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The world is becoming more and more complex and so are the business challenges and their related IT solutions. Today no single vendor can provide complete end-to-end solutions from physical assets to business process optimization. Some large vendors like IBM, Oracle or HP, have extended their solution footprint to cover more and more of the four IT core markets hardware, middleware software, business applications and services but still require complementary partner solutions to cover end-to-end processes. Two examples of emerging complex IT solutions include:
Smart Computing integrates the physical world with business process optimization via four steps: Awareness (sensors, tags etc.), Analysis (analytic solutions), Alternatives (business applications with decision support) and Action (feedback loop into the physical world). A few specialized vendors such as Savi Technology can cover the whole portfolio from sensors to business applications for selected scenarios. However, in general a complete solution requires many partners working closely together to enable an end-to-end process.
Cloud Computing includes different IT resources (typically infrastructure, middleware and applications) which are offered in pay-by-use, self-service models via the internet. The seamless consumption of these resources for the end user anytime and anywhere however requires multiple technologies, processes and a challenging governance model often with many different stakeholder involved, behind the scene.
Last week I had the opportunity to present the first half of a teleconference on contract lifecycle management (CLM) hosted by the Institute of Supply Management (ISM) and Zycus. You should be able to view the recording in its entirety within a week or so here. It was a good session covering the basics of CLM as well as some specific best practices so I recommend taking a look. As part of the presentation we polled the listeners on a few key questions and I'd like to share the results as well as some insights.
Q2: Do you provide all components necessary for an end to end BI environment (data integration, data cleansing, data warehousing, performance management, portals, etc in addition to reports, queries, OLAP and dashboards)?
If a vendor does not you'll have to integrate these components from multiple vendors.
The reports show that Windows 7 penetrated the consciousness of the market by the end of 2009, with a strong majority of US consumers aware of the product. We also found that consumers who adopted Windows 7 in Q4 were generally very satisfied with their Windows 7 PCs.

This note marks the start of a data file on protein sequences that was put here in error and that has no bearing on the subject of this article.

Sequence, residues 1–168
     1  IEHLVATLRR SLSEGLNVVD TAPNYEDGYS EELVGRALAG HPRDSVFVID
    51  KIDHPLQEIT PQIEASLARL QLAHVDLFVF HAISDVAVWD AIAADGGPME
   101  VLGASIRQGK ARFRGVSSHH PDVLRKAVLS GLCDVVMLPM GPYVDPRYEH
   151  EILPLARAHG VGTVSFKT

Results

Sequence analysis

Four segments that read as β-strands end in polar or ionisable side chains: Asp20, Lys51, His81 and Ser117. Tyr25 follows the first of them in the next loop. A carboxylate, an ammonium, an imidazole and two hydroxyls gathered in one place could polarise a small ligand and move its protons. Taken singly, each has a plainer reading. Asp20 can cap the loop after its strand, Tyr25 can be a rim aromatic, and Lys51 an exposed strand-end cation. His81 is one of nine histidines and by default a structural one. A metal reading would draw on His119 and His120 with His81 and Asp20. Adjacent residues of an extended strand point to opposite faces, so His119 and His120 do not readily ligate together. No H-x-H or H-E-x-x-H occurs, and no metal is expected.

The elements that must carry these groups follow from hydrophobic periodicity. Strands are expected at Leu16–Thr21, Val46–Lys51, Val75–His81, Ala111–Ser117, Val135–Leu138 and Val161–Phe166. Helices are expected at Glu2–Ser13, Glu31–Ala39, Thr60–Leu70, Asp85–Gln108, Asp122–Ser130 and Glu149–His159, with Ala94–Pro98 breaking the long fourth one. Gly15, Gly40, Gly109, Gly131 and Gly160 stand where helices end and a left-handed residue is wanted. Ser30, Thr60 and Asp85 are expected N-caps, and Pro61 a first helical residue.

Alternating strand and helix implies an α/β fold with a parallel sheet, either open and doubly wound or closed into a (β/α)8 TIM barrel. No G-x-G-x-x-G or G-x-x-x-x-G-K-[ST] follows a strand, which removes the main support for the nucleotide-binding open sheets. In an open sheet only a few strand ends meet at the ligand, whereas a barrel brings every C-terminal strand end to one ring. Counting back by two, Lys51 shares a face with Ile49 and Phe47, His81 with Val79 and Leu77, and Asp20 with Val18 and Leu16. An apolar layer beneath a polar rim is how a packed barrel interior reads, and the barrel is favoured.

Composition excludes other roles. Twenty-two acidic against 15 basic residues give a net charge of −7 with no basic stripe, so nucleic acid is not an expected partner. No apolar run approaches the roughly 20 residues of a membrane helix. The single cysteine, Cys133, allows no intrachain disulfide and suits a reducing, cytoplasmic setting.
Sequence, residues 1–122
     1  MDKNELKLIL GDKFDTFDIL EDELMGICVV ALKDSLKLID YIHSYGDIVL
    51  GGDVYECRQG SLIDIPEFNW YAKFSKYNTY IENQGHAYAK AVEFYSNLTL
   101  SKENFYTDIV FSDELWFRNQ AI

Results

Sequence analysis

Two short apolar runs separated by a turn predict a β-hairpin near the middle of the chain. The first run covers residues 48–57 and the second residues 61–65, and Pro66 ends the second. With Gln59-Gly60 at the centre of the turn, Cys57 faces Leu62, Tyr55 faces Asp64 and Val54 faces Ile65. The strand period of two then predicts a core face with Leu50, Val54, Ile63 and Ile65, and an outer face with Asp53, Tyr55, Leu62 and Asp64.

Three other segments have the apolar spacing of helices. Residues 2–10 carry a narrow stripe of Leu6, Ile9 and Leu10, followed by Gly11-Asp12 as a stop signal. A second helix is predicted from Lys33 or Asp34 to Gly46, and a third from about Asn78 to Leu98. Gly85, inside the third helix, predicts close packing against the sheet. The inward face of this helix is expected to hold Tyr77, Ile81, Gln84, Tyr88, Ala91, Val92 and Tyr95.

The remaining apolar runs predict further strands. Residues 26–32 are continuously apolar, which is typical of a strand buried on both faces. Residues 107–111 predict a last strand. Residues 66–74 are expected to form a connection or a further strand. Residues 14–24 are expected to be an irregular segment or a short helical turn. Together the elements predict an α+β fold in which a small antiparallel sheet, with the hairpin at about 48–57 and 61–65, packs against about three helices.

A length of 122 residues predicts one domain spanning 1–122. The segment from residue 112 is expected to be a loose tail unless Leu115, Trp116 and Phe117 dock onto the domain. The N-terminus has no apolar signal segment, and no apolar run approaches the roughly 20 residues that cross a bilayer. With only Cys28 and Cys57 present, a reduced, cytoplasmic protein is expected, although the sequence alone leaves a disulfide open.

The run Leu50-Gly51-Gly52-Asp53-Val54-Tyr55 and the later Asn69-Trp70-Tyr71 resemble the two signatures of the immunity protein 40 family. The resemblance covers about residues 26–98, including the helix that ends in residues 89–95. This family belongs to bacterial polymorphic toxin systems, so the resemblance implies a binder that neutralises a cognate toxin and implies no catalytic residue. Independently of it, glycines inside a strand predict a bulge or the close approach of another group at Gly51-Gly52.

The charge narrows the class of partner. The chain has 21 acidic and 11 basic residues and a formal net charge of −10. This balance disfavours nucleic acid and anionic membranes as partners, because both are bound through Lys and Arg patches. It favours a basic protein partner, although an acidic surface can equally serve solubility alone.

Perhaps the most interesting finding of the reports involves upgrade behaviors. Historically, most consumers have not upgraded their PCs with new OSes -- though Mac users and some technophile consumers have been an exception on this count. Instead, the majority of consumers have acquired new OSes when they purchase their new PC. These are known as "replacement cycle upgrades."
With Windows 7, however, upgrade behavior was much stronger. Why? In short, Windows 7 is a thinner client program than was Windows Vista, meaning that it works well on older hardware configurations. In the past, OSes were designed with Moore's Law as an underlying assumption -- that is, that newer PC hardware would be significantly faster and more powerful than the previous generation's hardware. Windows 7, however, is a less burdensome OS than Windows Vista. The rise of Netbooks, the physical assets of multi-PC households, and an attachment by many consumers to their Windows XP machines all contributed to the need for a sleeker, thinner Windows OS, which Windows 7 delivered.
Among early adopters of Windows 7, in Q4, for the first time upgrading behavior matched replacement cycle purchasing, as this Figure shows:
I just took a briefing from Jive Software about their new innovation management tool, Jive Ideation. The fact that Jive is now formally dedicated to the innovation space is significant – a move that has ramifications for the broader innovation management market, and for sourcing professionals.
Forrester has been covering the innovation management market for several years, and written about it as a “unique” market. We have always, however, recognized that the distinctions between this market and other markets -- particularly the social collaboration market -- were thin.
The arrival of Jive into the ideation space shows just how thin those boundaries are. Jive has made a name for itself over the past few years as a social collaboration tool. The company differentiates on its ability to connect a wide variety of enterprise users (both internal and external), and integrate easily with a host of technologies – making it appealing to a range of business and IT buyers. Since collaboration is a critical component of innovation, its not a stretch to see how Jive’s collaboration tools can be applied to their client's innovation objectives.
I'm currently researching the ROI of the Vendor Management Office (VMO) -- looking to help answer key questions like:
Of the services the VMO provides to the company, which have the most value?
What are best practices for establishing VMO credibility across the org?
How is VMO performance being measured?